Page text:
Thursday, February 28, 2008

Is Unexpected Behavior a Bug?

There's the way you coded it, and the way it should behave. Most of the time, these should be the same. Occasionally, though, this is the kind of thing that causes nightmares. Usually the problems are related to the latter half of that statement - disagreements about the way something should behave.

For example, there is a ... well, we'll say item... introduced in the Linux 2.6.19 kernel. When doing NFS mounts, if you mount a file system first as read-only, all later mounts of the same file system are also mounted read-only. The issue was closed as: "According to the explanation on the upstream bug report, this is a logic change in the way the kernel handles multiple mounts of the same remote nfs file system. Not a bug."

So, is this a bug?
  • Yes. It's a semi-documented (at best) change in behavior that breaks backward compatibility.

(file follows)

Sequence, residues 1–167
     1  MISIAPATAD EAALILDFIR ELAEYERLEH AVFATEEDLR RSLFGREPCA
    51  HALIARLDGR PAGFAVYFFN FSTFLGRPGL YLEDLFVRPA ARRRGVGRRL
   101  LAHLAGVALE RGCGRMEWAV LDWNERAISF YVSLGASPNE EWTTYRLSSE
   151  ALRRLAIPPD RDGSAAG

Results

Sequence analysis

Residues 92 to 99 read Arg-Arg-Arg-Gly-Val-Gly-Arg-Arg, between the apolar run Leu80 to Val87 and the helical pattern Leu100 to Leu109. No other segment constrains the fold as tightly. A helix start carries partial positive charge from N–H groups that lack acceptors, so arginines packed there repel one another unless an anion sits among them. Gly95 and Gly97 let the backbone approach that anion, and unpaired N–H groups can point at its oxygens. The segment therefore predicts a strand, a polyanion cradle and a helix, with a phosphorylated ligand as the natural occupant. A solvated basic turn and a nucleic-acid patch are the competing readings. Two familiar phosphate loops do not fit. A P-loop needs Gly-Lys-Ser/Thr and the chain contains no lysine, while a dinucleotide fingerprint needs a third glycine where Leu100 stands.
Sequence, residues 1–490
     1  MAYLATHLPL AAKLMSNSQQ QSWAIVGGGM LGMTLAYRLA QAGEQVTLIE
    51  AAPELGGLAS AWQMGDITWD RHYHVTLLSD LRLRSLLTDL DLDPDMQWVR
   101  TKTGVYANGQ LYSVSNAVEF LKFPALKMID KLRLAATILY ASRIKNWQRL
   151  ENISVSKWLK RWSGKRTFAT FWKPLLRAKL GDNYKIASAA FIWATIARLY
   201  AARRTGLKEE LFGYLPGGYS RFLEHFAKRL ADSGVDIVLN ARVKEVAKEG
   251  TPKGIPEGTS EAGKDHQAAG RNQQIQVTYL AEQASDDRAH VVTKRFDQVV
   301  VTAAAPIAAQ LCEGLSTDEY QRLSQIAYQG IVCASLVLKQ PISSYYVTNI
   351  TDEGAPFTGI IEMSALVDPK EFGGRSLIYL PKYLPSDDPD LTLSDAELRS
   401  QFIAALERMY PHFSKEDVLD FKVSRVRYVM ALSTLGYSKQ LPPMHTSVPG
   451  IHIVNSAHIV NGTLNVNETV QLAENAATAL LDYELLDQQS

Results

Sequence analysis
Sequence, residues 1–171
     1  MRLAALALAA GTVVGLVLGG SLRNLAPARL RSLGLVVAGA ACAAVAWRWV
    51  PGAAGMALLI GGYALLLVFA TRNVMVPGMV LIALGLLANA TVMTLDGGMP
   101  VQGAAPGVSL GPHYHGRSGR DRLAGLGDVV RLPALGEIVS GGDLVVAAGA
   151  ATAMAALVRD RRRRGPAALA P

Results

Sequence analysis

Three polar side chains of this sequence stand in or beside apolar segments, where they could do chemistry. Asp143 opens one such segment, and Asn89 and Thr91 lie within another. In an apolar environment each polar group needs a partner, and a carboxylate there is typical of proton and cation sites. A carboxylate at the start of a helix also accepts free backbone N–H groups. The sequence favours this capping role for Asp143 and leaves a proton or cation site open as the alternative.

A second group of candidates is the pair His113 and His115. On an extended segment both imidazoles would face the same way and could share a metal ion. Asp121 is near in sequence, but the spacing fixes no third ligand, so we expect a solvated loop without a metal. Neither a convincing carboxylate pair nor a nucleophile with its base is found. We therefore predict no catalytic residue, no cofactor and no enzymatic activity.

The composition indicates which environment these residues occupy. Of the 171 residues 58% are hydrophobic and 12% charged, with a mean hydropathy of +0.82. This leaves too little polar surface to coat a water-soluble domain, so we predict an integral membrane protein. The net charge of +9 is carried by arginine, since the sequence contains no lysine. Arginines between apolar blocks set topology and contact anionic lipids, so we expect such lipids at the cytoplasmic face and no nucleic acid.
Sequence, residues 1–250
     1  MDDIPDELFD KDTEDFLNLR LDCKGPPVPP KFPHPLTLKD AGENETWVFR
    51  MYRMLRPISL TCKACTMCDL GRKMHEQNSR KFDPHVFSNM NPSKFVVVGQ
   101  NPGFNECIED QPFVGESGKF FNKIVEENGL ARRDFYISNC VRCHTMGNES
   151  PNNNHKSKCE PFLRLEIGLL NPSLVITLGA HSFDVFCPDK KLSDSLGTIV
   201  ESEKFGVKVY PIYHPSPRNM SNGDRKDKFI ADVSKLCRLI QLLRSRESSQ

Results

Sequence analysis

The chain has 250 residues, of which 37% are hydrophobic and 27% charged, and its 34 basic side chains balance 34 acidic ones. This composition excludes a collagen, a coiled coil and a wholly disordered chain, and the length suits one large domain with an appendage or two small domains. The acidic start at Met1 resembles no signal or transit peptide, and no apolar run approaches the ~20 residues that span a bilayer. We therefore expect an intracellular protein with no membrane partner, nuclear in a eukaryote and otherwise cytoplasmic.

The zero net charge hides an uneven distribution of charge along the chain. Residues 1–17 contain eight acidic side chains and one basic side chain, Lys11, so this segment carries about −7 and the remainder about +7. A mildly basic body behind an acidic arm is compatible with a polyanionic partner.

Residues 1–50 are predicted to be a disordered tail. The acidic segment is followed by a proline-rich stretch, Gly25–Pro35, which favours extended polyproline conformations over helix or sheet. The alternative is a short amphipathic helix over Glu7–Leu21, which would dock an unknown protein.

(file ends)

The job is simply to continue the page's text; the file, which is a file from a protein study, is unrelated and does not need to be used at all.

• No. It makes the behavior of mounted remote file systems consistent with the behavior of local file systems.
  • Yes. This has the effect of causing the -rw flag to be useless in some scenarios.
  • No. The flags are requests, not requirements on the file system. Just because you request it, the file system doesn't have to grant you that level of access (for example, you might not have permissions to write to that file system, and no -rw flag will help you there).
I honestly have no position here, but be mindful that when you say something is or is not a bug, you also say what you expect - that way the issue can be resolved, whether it's with code or with expectations.

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